Too many people could be being placed in residential mental health rehabilitation services that are far away from where they live, for too long and that are costly for the NHS.
In a report published today the Care Quality Commission (CQC) has found through an information request to providers that nearly two thirds (63%) of placements in residential-based mental health rehabilitation services are ‘out of area’, which means they are in different areas to the clinical commissioning groups (CCGs) that arranged them.
‘Out of area’ placements can mean that people are often further away from where they live, further away from their families and friends and further away from the local support services that will care for them once they have been discharged – all of which can affect their onward recovery and wellbeing.
The majority (78%) of ‘out of area’ placements are with independent sector providers rather than the NHS.
CQC has found from its inspections that the quality of care in residential mental health rehabilitation services is very similar between NHS and independent sector providers.
CQC found that the daily cost for residential mental health rehabilitation is similar (£350 for a NHS bed, compared to £364 for an independent sector bed). However, because of the longer stays, independent services can end up costing twice as much as NHS services – average cost of current is stay £162,000 in comparison to £81,000.
CQC estimates that £535 million is spent on residential mental health rehabilitation annually, with ‘out of area’ placements accounting for around two thirds of this expenditure.
In its report, CQC has made a number of recommendations, including for local bodies – CCGs, NHS trusts and local authorities – to review how appropriate their current placements are of patients in residential mental health rehabilitation services, so that they can be confident they are fully enabling patients’ rehabilitation and onward recovery.
This is consistent with the Five Year Forward View for Mental Health (published by NHS England in February 2016), which states that people should not be cared for in restrictive settings longer than they need to be and that the NHS should expand its community-based services to support people to live safely as close to their homes as possible.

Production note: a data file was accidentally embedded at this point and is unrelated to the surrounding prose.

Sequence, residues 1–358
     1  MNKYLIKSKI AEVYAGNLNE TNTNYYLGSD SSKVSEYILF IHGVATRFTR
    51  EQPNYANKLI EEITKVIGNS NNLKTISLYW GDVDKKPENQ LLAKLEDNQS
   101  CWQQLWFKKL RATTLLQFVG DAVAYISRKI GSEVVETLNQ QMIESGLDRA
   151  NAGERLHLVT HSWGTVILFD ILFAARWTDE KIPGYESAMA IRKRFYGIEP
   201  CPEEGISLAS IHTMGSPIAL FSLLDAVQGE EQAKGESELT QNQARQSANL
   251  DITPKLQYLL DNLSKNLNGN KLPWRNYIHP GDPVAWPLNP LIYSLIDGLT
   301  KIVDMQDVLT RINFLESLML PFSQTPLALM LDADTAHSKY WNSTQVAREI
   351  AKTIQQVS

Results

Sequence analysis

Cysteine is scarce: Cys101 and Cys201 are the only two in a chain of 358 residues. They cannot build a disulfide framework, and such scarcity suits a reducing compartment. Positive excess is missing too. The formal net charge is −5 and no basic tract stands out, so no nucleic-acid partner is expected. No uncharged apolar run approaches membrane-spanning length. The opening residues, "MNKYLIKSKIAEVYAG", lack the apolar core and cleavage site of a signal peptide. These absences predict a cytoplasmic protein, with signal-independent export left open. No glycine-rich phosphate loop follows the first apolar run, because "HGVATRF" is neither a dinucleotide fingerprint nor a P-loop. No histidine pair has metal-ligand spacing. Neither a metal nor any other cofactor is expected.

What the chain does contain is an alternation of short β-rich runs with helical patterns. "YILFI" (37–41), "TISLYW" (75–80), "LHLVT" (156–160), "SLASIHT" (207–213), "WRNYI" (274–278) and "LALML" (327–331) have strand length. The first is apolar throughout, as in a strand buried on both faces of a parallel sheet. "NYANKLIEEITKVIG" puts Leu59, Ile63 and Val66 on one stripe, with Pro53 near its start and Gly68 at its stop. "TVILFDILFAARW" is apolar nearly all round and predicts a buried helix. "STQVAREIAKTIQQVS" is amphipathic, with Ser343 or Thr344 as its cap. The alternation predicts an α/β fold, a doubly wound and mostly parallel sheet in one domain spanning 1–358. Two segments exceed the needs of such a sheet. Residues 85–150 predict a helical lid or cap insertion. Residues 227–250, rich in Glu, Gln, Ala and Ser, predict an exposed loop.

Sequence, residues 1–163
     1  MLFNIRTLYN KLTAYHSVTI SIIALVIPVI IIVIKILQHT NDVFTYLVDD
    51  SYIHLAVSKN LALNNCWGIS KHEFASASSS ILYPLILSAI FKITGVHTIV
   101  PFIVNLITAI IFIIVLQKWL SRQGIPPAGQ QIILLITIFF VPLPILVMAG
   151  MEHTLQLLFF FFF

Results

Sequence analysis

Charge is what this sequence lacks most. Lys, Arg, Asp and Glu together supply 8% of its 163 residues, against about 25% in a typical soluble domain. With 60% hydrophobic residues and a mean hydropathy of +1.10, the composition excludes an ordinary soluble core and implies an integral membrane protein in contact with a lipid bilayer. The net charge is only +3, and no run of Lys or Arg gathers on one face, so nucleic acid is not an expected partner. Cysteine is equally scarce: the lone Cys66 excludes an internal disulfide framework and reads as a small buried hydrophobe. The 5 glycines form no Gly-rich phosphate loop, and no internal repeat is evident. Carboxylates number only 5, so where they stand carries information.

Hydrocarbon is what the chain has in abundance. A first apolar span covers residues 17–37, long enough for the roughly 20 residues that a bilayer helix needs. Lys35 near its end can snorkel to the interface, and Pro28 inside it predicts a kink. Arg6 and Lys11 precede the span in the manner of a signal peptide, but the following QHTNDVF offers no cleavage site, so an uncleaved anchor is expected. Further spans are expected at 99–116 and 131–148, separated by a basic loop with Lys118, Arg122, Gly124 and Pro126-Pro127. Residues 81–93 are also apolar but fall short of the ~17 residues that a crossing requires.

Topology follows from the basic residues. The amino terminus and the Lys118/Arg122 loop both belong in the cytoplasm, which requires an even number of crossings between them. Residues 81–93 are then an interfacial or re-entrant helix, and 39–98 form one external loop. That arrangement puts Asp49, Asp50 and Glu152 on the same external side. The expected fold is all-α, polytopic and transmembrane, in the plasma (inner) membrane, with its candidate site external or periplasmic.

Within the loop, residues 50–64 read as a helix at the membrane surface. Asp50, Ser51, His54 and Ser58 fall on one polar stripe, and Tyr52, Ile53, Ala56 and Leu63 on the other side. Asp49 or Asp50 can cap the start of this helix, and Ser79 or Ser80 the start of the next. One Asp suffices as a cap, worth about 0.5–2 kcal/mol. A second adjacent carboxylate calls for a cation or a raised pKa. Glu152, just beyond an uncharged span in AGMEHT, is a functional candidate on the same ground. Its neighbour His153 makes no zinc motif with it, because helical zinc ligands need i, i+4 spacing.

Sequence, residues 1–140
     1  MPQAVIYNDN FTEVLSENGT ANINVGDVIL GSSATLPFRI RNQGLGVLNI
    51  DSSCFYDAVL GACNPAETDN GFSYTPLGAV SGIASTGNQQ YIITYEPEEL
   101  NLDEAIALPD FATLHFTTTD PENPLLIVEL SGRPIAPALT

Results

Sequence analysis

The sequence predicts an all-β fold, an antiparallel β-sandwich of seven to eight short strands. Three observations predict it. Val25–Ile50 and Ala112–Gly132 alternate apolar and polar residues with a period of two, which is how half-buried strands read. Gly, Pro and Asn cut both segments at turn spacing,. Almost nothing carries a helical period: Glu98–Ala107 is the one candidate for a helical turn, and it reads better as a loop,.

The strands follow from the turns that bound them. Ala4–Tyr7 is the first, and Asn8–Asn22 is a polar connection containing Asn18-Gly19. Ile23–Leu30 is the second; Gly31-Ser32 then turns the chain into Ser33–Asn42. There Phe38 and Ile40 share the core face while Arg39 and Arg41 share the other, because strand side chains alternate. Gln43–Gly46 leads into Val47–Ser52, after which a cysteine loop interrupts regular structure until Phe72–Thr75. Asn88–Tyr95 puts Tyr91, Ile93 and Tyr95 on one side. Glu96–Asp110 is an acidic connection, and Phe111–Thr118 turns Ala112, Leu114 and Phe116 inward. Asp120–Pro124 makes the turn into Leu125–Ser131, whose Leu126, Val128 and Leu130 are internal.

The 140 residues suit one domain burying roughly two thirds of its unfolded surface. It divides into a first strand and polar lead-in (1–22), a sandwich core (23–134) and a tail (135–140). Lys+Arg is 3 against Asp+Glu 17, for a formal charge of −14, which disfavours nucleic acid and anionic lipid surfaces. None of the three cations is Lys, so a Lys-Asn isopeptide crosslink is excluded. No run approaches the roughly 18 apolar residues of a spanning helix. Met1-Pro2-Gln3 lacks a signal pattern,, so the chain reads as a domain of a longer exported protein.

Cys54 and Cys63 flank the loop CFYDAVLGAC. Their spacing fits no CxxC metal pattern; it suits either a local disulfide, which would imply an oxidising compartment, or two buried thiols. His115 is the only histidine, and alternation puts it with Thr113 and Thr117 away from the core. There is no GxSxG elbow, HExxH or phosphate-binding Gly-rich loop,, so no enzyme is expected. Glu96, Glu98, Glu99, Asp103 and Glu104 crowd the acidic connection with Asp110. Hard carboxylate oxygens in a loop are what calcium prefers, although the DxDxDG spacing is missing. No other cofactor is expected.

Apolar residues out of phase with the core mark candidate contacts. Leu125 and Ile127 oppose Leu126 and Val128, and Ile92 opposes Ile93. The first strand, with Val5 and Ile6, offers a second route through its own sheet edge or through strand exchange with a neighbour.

Dr Paul Lelliott, Deputy Chief Inspector of Hospitals (lead for mental health) at the Care Quality Commission, said: “Inpatient rehabilitation services have a vital role to play in supporting people with severe mental health problems to recover and return home. Collectively, the independent sector and the NHS make a valuable contribution to the delivery of mental health rehabilitation and in helping people to step back on the road to living more independently.
“However, we are concerned about the high number of beds in mental health rehabilitation wards that are situated a long way from the patient’s home. This dislocation can mean that people can become isolated from their friends, from their families and from the services that will provide care once they have been discharged.
“Also, we are concerned that our evidence shows that on average, people in ‘out of area’ placements can end up staying in residential rehabilitation for twice as long as they would have done in a local NHS bed, which can increase their sense of institutionalisation, affect their onward recovery, and can be very costly.